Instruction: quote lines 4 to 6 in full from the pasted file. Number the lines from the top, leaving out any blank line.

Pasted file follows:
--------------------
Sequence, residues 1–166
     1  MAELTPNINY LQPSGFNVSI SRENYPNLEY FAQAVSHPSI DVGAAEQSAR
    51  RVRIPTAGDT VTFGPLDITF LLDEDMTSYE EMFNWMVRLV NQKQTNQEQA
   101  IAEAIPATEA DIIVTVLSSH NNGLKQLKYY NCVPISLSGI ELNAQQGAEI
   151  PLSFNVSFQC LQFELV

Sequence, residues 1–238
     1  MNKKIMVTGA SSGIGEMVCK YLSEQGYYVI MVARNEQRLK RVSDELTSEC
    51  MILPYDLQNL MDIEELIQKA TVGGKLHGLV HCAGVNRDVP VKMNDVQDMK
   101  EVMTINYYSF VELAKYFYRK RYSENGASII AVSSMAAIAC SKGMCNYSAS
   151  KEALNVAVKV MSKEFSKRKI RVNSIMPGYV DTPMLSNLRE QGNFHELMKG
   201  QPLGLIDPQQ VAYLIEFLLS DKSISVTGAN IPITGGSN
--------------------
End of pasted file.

   101  IAEAIPATEA DIIVTVLSSH NNGLKQLKYY NCVPISLSGI ELNAQQGAEI
   151  PLSFNVSFQC LQFELV

Sequence, residues 1–238